Monday Movie: All Through the Night, by David Bax
Every Monday, we’ll highlight a piece of writing from our vaults. This review of All Through the Night originally ran as part of our TCM Classic Film Festival 2019 coverage.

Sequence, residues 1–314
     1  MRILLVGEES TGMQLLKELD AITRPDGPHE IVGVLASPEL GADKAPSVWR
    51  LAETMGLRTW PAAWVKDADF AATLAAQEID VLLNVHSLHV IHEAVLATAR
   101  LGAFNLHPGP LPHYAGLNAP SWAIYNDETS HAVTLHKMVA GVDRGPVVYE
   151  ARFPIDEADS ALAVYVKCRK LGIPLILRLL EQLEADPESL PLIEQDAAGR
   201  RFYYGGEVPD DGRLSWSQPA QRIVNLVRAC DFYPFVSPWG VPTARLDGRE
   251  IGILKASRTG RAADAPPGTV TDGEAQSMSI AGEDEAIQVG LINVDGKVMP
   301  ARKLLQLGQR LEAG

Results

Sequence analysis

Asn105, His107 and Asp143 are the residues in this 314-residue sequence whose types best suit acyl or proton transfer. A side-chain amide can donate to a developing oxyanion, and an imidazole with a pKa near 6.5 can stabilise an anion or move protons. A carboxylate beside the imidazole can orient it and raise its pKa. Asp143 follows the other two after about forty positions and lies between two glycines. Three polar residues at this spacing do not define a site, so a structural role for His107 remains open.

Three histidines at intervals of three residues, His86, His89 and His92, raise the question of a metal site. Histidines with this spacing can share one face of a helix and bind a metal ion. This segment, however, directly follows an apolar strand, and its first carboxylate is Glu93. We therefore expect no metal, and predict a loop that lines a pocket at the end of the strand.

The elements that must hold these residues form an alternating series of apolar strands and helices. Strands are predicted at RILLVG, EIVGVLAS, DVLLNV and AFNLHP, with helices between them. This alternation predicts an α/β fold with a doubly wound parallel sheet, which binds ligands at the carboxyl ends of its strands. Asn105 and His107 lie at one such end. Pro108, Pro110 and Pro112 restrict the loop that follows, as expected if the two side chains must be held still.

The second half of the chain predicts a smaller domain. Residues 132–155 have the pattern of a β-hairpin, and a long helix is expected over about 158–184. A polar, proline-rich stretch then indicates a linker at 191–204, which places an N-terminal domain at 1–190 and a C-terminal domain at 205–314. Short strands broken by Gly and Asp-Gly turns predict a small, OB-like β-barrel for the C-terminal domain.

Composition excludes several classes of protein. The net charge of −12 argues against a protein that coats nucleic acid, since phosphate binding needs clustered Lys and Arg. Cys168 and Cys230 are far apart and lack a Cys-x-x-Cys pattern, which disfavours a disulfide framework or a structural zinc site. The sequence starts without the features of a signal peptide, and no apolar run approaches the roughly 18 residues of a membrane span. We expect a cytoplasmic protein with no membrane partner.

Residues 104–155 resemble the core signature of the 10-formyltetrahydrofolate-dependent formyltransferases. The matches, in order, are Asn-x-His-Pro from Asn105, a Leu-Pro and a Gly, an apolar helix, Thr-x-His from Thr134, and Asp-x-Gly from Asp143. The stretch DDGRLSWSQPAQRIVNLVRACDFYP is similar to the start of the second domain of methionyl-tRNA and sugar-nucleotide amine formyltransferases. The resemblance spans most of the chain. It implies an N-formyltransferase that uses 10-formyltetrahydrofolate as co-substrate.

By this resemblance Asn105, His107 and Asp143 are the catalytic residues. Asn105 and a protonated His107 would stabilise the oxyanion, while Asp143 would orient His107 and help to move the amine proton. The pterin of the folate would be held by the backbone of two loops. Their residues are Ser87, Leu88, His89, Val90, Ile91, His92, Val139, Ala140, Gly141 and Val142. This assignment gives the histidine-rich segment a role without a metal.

If Vincent Sherman’s All Through the Night (1942) isn’t as well remembered as some of the other films featuring its heavy hitter cast, it might be because of similarities that some could see as redundant. That cast includes Humphrey Bogart, Conrad Veidt and Peter Lorre, who would all reteam later that year for Casablanca. Hell, Bogart even plays an antihero who faces off against Nazis led by Conrad Veidt; it’s like it was a practice run. Plus, the part of the story where rival gangs team up to take on a common enemy the police are too incompetent to handle themselves is reminiscent of M, the movie that made Lorre an international star. The difference is that, as serious a subject as Nazi fifth columnists in America was, All Through the Night has an almost anarchic sense of fun to it. I mean, Veidt’s Nazi leader has a pet dachsund (of course) that follows him wherever he goes. And the whole plot only kicks off because the Nazis kill the baker who happens to make the cheesecake that Bogart’s gang boss, “Gloves” Donahue, eats every day. Though Gloves’ initial goals in tracking down the traitors are more gastronomic than patriotic, All Through the Night is an unabashed work of propaganda meant, like Hitchcock’s Foreign Correspondent and many other films of the era, to stir up American support for entering the ongoing war. The movie does take the Nazis (who speak often in unsubtitled German) seriously, even though casual, almost humorous references to Dachau come off as insultingly clueless today. But this is still the kind of movie where guys disappear around a corner only for us to see their tall, lingering shadows get conked on the head.